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Has Greater Downtown Miami condo resale market passed its peak for this cycle?

ZALEWSKI
ZALEWSKI

Concerns are rising that the Greater Downtown Miami condo resale market may be nearing — or already even passed — its peak for this current real estate cycle that began in 2011.

The growing pessimistic sentiment about the outlook of the Greater Downtown Miami resale market gained some statistical merit, of sorts, with the recent revelation that average resale prices and the number of condo resale transactions were both down in the first half of this year.

The drop in year-over-year resale prices and transactions comes at a time when about 17 months of condo supply — about three times the generally accepted level of balanced market — is already available for purchase in Greater Downtown Miami. Typically, more months of supply suggests a buyer’s advantage in a deal, and fewer months indicates a seller’s advantage.

It is impossible to know definitively if the area’s condo resale market is at its high-water mark for this cycle, but it is clearly worth monitoring in the upcoming months.

A review of the recent statistics shows that buyers purchased 986 condo resale units at an average price of $405 per square foot in Miami between January and June of this year, according to data from the Southeast Florida MLXchange.

By comparison, 1,037 condo resale units traded at an average price of $406 per square foot during the same six-month period in 2014, according to the data.

This is a sudden change from recent years in which the number of condo resale deals was falling as the average resale transaction price was rising on a trajectory to levels not seen since the peak of the last cycle in 2006.

Back then, the average condo resale units transacted a price of $420 per square foot, according to the data.

Now, both resale market indicators are headed downward in Greater Downtown Miami at a time when another South Florida preconstruction condo boom is underway, the global economy is slowing, and foreign currencies are weakening against the U.S. dollar.

Added to this: It is still unclear what impact the surprise move earlier this month by China — the world’s second-largest economy — to devalue its currency in hopes of jump-starting its slowing economy will have on the global markets in the months ahead.

Global markets are a key driver for the Miami market because some 85 percent of the condo purchases is done by international investors, according to a recent report by the Miami Downtown Development Authority.

International buyers who are willing to financially commit to putting down hefty 50 percent deposits on preconstruction units are the primary force behind the current condo boom underway in Greater Downtown Miami.

In the past four years, developers have announced plans to build at least 72 new condo towers with nearly 20,200 units in the Miami market that stretches from the Julia Tuttle Causeway south to the Rickenbacker Causeway, and Biscayne Bay west to Interstate 95, according to the preconstruction condo projects website CraneSpotters.com. (For disclosure, my firm operates the website.)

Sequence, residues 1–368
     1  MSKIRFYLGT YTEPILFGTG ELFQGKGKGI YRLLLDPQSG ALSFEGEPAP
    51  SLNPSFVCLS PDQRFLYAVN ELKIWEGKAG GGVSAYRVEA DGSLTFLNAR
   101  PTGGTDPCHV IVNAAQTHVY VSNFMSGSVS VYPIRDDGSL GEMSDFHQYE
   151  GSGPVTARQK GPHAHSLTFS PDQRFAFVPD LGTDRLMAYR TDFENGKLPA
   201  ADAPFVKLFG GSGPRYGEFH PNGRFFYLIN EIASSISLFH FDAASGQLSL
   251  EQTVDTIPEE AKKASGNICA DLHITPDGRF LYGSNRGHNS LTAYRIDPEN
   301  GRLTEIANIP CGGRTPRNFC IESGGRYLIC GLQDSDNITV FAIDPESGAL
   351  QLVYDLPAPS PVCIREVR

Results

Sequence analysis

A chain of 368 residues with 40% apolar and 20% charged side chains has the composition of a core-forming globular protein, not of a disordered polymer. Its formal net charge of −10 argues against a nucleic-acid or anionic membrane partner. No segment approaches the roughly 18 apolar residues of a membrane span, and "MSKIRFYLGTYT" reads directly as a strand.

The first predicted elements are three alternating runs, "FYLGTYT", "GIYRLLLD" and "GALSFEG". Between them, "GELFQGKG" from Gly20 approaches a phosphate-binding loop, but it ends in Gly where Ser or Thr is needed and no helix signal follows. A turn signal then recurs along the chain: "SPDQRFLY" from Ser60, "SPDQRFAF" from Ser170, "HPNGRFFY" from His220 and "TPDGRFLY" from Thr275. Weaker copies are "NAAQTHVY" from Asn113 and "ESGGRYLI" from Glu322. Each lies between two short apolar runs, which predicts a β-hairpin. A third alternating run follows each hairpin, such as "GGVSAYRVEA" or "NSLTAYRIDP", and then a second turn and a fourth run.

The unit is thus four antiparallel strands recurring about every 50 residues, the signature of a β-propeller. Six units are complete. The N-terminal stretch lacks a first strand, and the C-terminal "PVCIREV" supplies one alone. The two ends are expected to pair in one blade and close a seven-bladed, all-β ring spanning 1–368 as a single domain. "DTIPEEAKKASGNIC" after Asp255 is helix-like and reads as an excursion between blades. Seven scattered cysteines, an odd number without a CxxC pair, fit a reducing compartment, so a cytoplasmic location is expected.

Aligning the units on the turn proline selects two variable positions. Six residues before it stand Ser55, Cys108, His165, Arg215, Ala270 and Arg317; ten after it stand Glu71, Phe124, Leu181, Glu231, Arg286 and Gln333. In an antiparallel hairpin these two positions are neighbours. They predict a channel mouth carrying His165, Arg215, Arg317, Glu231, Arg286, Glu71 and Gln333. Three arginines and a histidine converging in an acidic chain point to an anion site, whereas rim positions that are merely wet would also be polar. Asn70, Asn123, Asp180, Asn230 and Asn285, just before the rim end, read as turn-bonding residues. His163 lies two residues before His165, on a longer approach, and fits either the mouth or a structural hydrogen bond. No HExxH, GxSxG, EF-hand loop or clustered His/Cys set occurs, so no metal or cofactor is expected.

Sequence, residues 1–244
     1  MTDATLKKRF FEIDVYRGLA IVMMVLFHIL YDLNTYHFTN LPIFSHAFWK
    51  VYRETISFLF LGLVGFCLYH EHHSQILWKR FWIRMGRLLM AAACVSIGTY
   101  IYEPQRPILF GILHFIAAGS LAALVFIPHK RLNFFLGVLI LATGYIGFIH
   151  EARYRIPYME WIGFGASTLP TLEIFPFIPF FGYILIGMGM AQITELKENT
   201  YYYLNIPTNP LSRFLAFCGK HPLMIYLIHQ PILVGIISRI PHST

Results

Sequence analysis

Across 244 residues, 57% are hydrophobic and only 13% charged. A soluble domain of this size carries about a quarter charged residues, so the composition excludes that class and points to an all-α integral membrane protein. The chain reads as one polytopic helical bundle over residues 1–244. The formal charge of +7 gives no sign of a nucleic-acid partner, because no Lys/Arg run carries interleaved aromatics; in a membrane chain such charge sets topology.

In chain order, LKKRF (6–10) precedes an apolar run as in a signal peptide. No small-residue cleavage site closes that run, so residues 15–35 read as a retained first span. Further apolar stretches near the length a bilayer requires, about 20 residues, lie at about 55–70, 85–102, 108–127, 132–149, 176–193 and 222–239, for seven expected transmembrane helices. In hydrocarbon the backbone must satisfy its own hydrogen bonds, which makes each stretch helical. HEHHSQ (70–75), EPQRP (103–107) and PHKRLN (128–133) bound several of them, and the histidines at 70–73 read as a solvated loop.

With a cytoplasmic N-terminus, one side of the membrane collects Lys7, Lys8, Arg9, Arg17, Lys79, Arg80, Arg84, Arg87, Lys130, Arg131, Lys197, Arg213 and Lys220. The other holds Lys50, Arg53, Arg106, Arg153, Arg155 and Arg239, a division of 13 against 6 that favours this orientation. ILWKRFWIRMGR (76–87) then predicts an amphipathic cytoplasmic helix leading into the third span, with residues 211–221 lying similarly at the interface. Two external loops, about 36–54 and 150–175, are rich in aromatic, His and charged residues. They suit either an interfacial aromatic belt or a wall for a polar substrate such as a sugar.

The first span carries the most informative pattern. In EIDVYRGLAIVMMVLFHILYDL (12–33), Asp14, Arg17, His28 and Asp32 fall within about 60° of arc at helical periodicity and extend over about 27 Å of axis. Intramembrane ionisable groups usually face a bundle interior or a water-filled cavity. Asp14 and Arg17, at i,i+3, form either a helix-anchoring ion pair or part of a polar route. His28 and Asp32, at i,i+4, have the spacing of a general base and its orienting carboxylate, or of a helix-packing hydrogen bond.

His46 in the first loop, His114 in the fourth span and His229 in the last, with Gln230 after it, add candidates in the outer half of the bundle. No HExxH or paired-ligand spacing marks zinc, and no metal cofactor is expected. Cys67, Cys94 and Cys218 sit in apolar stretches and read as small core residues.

In Greater Downtown Miami to date, developers have already completed seven new condo towers with nearly 1,900 units and are currently constructing 21 more new condo towers with at least 5,300 units, according to the data.

An additional 44 new condo towers with nearly 13,000 units are in the planning or pre-sale phase of development.

For context, consider that developers created more than 22,000 new units during Greater Downtown Miami’s previous condo boom-bust cycle that stretched from 2003 to 2010, according to an analysis of Miami-Dade County records.

Despite growing concerns about the Greater Downtown Miami market on multiple fronts, the recent actions of some developers clearly show that a high level of optimism about the area’s growth prospects still exists.

For example, a West Palm Beach developer announced plans on Aug. 10 to build a new 57-story condo tower with 100 luxury units fronting Biscayne Bay in the Edgewater neighborhood.

A couple of days later on Aug. 12, a Miami developer was reportedly scheduled to hold a groundbreaking ceremony to formally initiate the construction of a new 45-story condo tower with 388 units that is also slated to be located in the Edgewater neighborhood.

The unanswered question going forward is whether the drop in the average condo resale price and unit transactions in the first half of this year is a statistical anomaly or a clear indicator that the market has changed in Greater Downtown Miami.

Peter Zalewski is a principal with the Miami real estate consultancy Condo Vultures. Zalewski, a licensed Florida real estate professional since 1995 and founder of CVR Realty and Condo Vultures Realty LLC, advises developers, lenders and institutional investors. Zalewski also runs the preconstruction condo project website CraneSpotters.com in conjunction with the Miami Association of Realtors.

Market stalls in first half of 2015

This is a year-over-year comparison of condo resale transactions in Greater Downtown Miami for the first six months of the year since 2006.

Year (Jan. to June)

Unit resales

Yr.-over-yr. change

Average unit resale price per square foot

Yr.-over-yr. change

2015

986

-5%

$405

-0.2%

2014

1,037

-8%

$406

14%

2013

1,123

20%

$356

24%

2012

938

-2%

$287

25.3%

2011

960

40%

$229

-0.4%

2010

688

30%

$230

4.5%

2009

528

46%

$220

-30.6%

2008

361

-12%

$317

-20.8%

2007

411

-12%

$400

-4.8%

2006

466

$420

SOURCE: CraneSpotters.com compiled this list with data from the Southeast Florida MLXchange.

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